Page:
Mayor Lori Lightfoot and lawyers for 13-year old Adam Toledo’s family have issued a call for calm as the city prepares to release video of the teen’s fatal police shooting Thursday.
“We acknowledge that the release of this video is the first step in the process toward the healing of the family, the community and our city,” the joint statement between Lightfoot and Toledo’s family lawyers said. “We understand that the release of this video will be incredibly painful and elicit an emotional response to all who view it, and we ask that people express themselves peacefully.”
At a press conference on the video Thursday afternoon, the mayor said the video was expected to released at about 2:30 p.m.
The city’s top lawyer, Celia Meza, met with Toledo family attorneys Adeena Weiss Ortiz and Joel Hirschhorn on Tuesday and they agreed “that all material should be released, including a slowed-down compilation of the events of March 29 that resulted in the tragic death of 13-year-old Adam Toledo.”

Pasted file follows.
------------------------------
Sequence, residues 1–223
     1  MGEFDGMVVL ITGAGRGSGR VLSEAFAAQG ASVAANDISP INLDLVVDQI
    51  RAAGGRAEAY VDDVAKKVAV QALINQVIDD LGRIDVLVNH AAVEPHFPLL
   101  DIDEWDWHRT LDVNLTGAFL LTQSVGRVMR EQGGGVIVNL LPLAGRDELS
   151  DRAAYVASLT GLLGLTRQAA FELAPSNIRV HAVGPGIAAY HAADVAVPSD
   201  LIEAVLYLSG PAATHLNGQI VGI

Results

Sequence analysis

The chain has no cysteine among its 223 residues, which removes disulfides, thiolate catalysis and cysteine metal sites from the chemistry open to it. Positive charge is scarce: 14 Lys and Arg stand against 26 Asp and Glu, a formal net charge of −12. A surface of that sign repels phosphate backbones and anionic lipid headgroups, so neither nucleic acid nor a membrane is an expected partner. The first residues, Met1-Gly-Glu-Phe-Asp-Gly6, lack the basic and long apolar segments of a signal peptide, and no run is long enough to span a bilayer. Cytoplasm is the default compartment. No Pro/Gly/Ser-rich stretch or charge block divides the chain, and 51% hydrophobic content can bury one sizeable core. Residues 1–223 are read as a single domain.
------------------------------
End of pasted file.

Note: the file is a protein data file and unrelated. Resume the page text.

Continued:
The Civilian Office of Police Accountability, which investigates all shootings by police, issued a statement Wednesday saying the video and other materials would be released Thursday, and that the Toledo family had been notified of that decision.
“COPA has remained sensitive to the family’s grief and is carrying out this release in accordance with the city’s video release policy,” the statement read. “COPA’s core values of integrity and transparency are essential to building public trust, particularly in incidents related to an officer-involved shooting, and we are unwavering in our commitment to uphold these values.”
Toledo was fatally shot by a police officer in the early morning hours of March 29 in a Little Village alley after a foot pursuit, touching off protests and demonstrations in the neighborhood. COPA’s choice to disseminate the footage sets up what may be the most anticipated release of police video in Chicago in years — perhaps since a judge ordered a video of the 2014 shooting of teenager Laquan McDonald to be made public more than five years ago.
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SOURCE: Chicago Tribune, Gregory Pratt and Jeremy Gorner